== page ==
In Quarles, the D.C. Circuit considered whether certain cost estimates were protected from disclosure by the deliberative process privilege. 893 F.2d at 390. The cost estimates were “prepared by Navy officials in the course of the Navy's selecting homeports for ships in a new battleship group.” Id. at 391. The court noted that typically “the fact/opinion distinction offers a quick, clear, and predictable rule of decision for most cases” involving the deliberative process privilege. Id. at 392 (internal quotation marks omitted). While opinions are protected by the privilege, facts are not. Still, not everything that appears to be a fact can be characterized that way in the context of the deliberative process privilege. For instance, although “[n]umbers have a surface precision that may lead the unsophisticated to think of them as fixed, ” they are sometimes derived “from a complex set of judgments” and “partake of just that elasticity that has persuaded courts to provide shelter for opinions generally.” Id. at 393. The court affirmed the district court's finding that disclosure of the cost estimates “would likely make future researchers highly reluctant to express their candid opinions, particularly where such opinions may later prove controversial.” Id. (internal quotation marks omitted). The court explained:

If a study team found significant potential savings in deploying the battleship group at a finalist port otherwise deemed satisfactory, disclosure of the finding surely would tend to undermine the acceptability - among taxpayers - of forsaking that option. Yet the Navy might have reasons for rejecting the seemingly cheaper option, perhaps strategic, perhaps political. Anticipating this scenario, high officials might be inclined either not to call for cost estimates, or to call only for fuzzy ones expressed as wide ranges. The increased tendency to fudge would increase the sloppiness (or decrease the precision) of government decisionmaking. In an ideal world not only officials but also the public would receive such analyses. But the deliberative process exemption rests on the premise that if both (nominally) can get them, neither will: too many analyses will be stillborn or wishy-washy.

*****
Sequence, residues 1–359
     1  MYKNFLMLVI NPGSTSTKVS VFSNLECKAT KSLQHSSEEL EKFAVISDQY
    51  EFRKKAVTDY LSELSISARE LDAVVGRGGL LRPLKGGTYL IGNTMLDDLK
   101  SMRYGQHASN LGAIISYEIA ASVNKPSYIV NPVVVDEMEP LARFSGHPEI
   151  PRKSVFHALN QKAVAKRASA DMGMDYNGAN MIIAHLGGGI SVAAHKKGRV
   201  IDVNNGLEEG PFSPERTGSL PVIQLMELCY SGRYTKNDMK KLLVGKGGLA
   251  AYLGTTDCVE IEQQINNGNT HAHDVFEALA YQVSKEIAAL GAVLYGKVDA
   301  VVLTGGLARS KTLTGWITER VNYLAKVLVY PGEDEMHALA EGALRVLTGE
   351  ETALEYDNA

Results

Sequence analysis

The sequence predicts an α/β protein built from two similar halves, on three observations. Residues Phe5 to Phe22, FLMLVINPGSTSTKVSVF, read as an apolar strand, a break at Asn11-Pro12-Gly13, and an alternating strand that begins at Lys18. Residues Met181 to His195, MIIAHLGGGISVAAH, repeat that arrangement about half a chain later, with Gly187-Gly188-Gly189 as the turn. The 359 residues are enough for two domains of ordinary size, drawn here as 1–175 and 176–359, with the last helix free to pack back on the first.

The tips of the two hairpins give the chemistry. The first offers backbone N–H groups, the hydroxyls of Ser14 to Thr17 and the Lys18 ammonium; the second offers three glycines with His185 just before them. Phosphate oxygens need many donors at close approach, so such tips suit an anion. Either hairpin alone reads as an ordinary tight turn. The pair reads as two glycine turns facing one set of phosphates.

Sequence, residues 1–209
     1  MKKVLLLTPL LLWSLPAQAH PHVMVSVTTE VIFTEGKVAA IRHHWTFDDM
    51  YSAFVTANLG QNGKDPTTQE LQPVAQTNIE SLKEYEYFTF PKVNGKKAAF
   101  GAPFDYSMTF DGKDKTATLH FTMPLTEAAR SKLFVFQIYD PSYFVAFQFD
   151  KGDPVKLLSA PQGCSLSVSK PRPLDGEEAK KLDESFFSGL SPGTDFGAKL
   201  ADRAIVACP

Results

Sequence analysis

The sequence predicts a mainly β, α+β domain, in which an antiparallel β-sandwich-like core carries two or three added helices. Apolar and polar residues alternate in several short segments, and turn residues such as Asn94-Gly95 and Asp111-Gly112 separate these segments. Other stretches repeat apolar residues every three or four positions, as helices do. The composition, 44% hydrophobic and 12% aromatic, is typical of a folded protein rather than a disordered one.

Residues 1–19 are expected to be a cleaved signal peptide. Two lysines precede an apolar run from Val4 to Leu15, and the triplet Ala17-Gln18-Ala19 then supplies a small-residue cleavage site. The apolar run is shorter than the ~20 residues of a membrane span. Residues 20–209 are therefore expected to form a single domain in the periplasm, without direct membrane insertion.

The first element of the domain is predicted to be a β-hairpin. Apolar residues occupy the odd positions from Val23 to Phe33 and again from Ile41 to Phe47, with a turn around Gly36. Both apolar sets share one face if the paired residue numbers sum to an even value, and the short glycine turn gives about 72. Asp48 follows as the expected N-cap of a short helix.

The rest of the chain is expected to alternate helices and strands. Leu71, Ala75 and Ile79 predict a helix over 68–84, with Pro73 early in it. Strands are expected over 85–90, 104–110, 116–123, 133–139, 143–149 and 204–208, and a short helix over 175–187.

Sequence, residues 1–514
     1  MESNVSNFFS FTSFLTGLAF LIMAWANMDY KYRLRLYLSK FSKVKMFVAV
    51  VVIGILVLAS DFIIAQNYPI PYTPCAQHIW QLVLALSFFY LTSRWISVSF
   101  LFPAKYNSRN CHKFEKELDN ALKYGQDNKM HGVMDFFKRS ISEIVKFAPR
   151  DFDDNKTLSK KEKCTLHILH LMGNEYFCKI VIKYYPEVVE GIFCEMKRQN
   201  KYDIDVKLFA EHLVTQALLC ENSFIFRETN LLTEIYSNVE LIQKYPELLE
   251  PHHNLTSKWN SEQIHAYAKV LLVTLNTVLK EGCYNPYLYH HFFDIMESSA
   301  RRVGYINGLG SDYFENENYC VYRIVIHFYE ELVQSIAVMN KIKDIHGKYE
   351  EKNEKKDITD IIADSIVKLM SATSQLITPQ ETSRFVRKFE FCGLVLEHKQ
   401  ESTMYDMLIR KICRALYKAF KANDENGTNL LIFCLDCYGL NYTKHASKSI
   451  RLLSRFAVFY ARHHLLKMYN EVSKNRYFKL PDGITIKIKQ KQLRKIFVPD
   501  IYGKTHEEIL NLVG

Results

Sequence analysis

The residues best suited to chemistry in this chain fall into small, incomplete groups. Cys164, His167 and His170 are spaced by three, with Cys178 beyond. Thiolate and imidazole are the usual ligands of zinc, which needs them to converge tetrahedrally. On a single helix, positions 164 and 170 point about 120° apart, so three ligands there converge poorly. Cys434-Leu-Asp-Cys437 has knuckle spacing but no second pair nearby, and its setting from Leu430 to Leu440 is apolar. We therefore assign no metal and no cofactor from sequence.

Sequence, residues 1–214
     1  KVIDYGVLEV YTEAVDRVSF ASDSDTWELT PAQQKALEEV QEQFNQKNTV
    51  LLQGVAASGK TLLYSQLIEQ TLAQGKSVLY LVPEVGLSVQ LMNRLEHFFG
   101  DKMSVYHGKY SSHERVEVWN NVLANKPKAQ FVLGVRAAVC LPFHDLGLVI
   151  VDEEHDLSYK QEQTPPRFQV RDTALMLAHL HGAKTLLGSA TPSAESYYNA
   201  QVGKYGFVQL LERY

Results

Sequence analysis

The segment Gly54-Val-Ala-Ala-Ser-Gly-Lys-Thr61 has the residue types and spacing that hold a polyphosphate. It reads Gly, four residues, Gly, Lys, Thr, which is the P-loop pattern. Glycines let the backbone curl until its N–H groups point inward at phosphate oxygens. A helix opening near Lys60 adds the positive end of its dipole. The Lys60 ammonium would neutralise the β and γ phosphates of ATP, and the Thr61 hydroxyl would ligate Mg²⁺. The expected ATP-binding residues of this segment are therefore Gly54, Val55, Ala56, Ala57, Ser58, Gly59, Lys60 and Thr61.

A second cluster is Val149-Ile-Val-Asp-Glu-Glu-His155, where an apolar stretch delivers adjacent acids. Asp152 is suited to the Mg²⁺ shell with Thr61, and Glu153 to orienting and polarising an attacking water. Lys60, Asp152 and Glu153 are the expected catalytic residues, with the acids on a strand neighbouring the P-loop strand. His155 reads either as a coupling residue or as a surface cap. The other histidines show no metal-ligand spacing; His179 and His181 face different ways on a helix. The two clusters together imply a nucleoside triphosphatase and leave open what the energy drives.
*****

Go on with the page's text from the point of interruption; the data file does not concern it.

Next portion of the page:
Id. (internal citations omitted).

         In Petroleum Info. Corp., the D.C. Circuit rejected the Bureau of Land Management's withholding under the deliberative process privilege of a computer database comprised of information about public lands drawn exclusively from publicly available documents. 976 F.2d at 1436. The purpose of the database was to consolidate records from a variety of sources so that the information would ultimately be available to the public in one place. Id. at 1432. The creation of this database was an “essentially technical and facilitative” task “to organize public records in a more manageable form, and to correct any error [found] in the process.” Id. at 1437. At the time that the FOIA request for the database was made, the database was still in draft format. The court found that the database was not protected by the deliberative process privilege because the information was largely already publicly available and because the estimates and error corrections it contained (which were not publicly available at the time) were not associated with any “significant policy decision.” Id. at 1437 (emphasis in original). The court distinguished the discretionary tasks associated with creating the database from the “political concerns implicated in locating military bases that figured in Quarles, . . ., or the interpretation of ‘complex and controversial events” critical to the rewriting of official histories.'” Id. (quoting Russell v. Department of the Air Force, 682 F.2d 1045 (D.C. Cir. 1982)).[3] Noting that even “mundane” tasks within an agency “could be said to reflect the exercise of agency discretion in some sense, ” the court explained that for documents to be protected by the deliberative process privilege, “the kind and scope of discretion involved must be of such significance that disclosure genuinely could be thought likely to diminish the candor of agency deliberations in the future.” Id. at 1436 n.8. The court concluded that the withheld database did not “involve the breadth of discretion, and ...

Buy This Entire Record For $7.95

Download the entire decision to receive the complete text, official citation,
docket number, dissents and concurrences, and footnotes for this case.

Learn more about what you receive with purchase of this case.